“The Russian military detachment to the southwest, in the Transnistria region of Moldova is not controlled by [Moldova’s capital] Kishinev, and in my deep conviction, could be used at any time against us, and threatens our borders,” the Ukrainian President declared.

Official public data indicate that there are about 1,700 Russian troops stationed in Moldova’s breakaway region Transnistria, counting in those with a peacekeeper status.

Poroshenko also added that the Russian troops in Transnistria could be used as an auxiliary to the over Russian troops in the annexed Crimean Peninsula.

“Even though, according to our data, they are not that many, as auxiliaries to the over 20,000 soldiers in the annexed Crimea, they can create further trouble for us,” the Ukrainian leader said.

Ukrainian soldier salutes President Petro Poroshenko (l) during the opening ceremony of joint military exercises near the Western Ukrainian City of Lviv Ukraine 20 April 2015. Photo: EPA

On Putin’s Alleged View of Ukraine

In his address to the Ukrainian military, Poroshenko in essence accused his Russian counterpart Vladimir Putin and his government of refusing to recognize that the Ukrainians are a separate nation that is different from the Russians, and compared this alleged line of thinking to that of the Nazis.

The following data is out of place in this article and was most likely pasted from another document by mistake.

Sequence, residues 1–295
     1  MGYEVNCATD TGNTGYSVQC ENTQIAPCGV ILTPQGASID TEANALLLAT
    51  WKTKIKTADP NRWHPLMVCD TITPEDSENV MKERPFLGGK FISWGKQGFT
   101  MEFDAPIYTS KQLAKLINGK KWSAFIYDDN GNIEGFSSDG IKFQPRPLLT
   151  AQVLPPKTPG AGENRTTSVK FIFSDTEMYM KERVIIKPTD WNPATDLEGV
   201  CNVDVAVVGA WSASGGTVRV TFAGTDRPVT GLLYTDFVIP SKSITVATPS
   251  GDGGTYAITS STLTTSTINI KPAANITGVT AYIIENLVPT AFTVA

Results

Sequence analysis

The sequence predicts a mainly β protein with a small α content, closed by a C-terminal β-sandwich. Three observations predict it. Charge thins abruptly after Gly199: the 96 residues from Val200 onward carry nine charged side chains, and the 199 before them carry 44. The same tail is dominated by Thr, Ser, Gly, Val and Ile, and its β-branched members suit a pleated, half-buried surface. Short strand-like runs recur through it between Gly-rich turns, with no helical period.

“It is precisely the non-recognition of Ukrainians’ right to self-determination which lies in the foundation of today’s Russian policy towards Ukraine,” the Ukrainian President said, adding that there were no reasons to expect that would change any time soon.

“For Putin, the border with Ukraine does not exist. He doesn’t deem us a different country. The non-recognition of different nations was a reason for occupation for the Nazis,” Poroshenko said, as cited by his Press Secretary in a tweet.

The Ukrainian leader also revealed that a total of 70,000 volunteers joined the Ukrainian armed forces in 2016, and another 4,500 did so since the start of 2017, which removed the need to mobilize soldiers.

He said that in 2017, Ukraine was going to spend UAH 9 billion (app. USD 334 million) on new military equipment, which, while not a huge figure, would still be a burden for the cash-strapped state budget.

The war in Eastern Ukraine has already claimed over 9,700 lives, and has displaced millions of people.

Even though it first covertly sent troops with unmarked uniforms to occupy the Crimean Peninsula before openly annexing it in March 2014, the government of Russian President Vladimir Putin has denied official involvement in the war in Donbass, claiming that any Russian citizens fighting there do so on their own free will.

Russia’s involvement in the conflict in Eastern Ukraine, however, has been exposed by Russian servicemen captured by the Ukrainian forces at the beginning of the conflict, and on February 18, 2017, Putin issued a decree recognizing all civilian documents issued by the Donetsk and Luhansk People’s Republics.